I would happily engage in 20 minute word battles to save 3, 2 or even just 1 kuai. I had been ripped off too many times and was bitter: my mission was to win back every kuai I lost through rip-offs, one item at a time. While my bargaining mojo has slowed down significantly over the years, I do find myself much more confident when it comes to asking for a lower price. Once, I even applied my new-found skill on a vendor at a Christmas market in Ireland and got a whopping 2 Euros off the marked price!
4) Adding Chinese words into English sentences
This is a bad habit, I know, but I somehow can’t help but use words like “chabuduo” or “mafan” when speaking in English. I will be bold and declare that in my opinion, no English word can hit the spot as well as “mafan”. Think about it: does an English word exist that can be substituted into the following sentence and still reflect the same meaning? “Moving flats in China and dealing with landlords is such mafan.” I really think it should be officially incorporated into the English language; if words like “gung-ho” or “chow mein” can make it into mainstream English, then “mafan” must stand a chance.
5) Inspecting plates and cutlery in restaurants to make sure they are clean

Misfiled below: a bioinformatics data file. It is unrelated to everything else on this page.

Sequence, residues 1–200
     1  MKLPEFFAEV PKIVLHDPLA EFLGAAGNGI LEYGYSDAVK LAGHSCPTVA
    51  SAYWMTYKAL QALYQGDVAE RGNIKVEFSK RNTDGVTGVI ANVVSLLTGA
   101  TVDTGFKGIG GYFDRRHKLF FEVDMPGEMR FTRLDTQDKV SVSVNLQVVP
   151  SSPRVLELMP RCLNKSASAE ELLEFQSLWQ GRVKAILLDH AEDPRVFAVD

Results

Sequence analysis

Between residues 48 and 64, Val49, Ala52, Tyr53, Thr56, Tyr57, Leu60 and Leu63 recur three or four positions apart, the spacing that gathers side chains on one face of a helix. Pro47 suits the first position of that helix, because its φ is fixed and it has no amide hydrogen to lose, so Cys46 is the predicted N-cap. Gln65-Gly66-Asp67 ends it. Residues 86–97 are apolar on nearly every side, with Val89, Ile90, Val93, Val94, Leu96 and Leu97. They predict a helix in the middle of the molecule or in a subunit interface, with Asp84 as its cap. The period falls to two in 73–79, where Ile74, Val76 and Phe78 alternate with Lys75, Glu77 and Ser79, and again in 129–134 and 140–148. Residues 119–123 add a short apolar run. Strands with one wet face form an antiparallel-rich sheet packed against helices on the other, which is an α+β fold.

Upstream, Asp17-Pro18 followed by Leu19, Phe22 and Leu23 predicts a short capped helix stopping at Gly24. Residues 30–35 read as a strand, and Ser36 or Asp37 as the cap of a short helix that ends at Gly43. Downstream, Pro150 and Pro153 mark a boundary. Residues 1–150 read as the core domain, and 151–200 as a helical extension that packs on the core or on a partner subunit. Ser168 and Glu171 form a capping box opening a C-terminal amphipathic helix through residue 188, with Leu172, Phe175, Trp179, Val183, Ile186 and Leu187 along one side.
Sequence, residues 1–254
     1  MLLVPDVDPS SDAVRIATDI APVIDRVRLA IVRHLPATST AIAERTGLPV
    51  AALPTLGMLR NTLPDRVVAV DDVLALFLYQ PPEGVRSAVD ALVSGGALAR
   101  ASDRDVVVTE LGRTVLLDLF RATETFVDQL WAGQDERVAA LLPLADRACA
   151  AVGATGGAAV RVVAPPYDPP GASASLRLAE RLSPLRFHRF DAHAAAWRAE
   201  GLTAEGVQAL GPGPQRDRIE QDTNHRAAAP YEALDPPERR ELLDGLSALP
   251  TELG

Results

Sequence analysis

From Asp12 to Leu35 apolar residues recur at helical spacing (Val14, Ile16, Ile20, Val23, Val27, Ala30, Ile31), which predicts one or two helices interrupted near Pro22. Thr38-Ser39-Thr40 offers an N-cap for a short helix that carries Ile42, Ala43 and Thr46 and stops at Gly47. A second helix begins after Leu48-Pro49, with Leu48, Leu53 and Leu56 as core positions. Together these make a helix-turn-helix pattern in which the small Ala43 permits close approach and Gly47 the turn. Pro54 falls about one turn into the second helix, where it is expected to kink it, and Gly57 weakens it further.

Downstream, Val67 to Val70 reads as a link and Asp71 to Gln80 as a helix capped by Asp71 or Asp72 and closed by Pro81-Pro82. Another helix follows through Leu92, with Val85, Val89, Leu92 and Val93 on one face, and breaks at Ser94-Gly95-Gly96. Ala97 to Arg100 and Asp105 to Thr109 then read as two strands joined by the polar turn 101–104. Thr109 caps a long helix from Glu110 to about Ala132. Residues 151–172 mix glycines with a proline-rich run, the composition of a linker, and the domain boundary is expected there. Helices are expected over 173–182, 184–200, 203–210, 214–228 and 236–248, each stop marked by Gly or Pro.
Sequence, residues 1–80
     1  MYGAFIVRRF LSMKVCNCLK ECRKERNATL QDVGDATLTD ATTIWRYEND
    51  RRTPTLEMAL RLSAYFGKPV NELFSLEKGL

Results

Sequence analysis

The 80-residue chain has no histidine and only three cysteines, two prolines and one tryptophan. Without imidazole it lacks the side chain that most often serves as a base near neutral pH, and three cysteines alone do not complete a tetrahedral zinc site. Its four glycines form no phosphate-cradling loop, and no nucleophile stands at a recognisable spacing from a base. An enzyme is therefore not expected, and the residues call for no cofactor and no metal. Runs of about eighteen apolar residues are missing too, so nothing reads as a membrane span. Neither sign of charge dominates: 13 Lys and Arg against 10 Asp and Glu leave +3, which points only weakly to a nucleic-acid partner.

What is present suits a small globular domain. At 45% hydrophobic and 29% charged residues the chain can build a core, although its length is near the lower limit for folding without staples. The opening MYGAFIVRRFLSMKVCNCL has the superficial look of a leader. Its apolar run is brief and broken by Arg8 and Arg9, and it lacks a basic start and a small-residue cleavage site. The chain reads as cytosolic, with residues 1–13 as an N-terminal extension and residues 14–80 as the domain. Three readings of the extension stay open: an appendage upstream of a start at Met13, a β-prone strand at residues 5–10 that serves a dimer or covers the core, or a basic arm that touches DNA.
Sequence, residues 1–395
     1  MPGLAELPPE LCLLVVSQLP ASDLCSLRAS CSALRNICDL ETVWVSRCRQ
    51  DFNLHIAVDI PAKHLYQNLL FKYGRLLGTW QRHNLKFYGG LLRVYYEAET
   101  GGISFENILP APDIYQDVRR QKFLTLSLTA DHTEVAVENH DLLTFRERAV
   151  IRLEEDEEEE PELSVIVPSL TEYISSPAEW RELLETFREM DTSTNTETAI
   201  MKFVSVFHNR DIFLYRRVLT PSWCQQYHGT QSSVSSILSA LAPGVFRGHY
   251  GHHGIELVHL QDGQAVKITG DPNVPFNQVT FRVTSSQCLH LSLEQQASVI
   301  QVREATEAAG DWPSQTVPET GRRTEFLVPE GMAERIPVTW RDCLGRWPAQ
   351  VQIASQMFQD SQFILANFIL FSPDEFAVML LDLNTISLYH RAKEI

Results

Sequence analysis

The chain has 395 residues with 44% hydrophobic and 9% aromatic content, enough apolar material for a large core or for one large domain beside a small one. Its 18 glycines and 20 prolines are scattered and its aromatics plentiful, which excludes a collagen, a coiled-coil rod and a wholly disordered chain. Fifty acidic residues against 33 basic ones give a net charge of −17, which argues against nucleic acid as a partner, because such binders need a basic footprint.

I’ve become a lot more conscious of the cleanliness of plates, chopsticks and other cutlery after my time spent in China. This is because I’ve eaten in some pretty disgusting restaurants with some very unappetizing things stuck on chopsticks or at the bottom of bowls. Even cleaner looking restaurants aren’t as hygienic as they may seem. You should try it: give your little bowl one wipe and see if the tissue still looks white. To be honest, this habit was instilled in me by my Chinese friends. I sometimes swear that they’re more paranoid about germs than I am. Often, the first thing my peers will do after sitting down is inspect the cleanliness of the table and ask the waiter to give it another wipe. Of course, the cleanliness of the cloth is a whole other matter…Now when I return home and eat out, one of the first things I do – without even thinking – is pick up the fork and inspect its cleanliness.
6) Checking big bank notes to make sure they’re not fake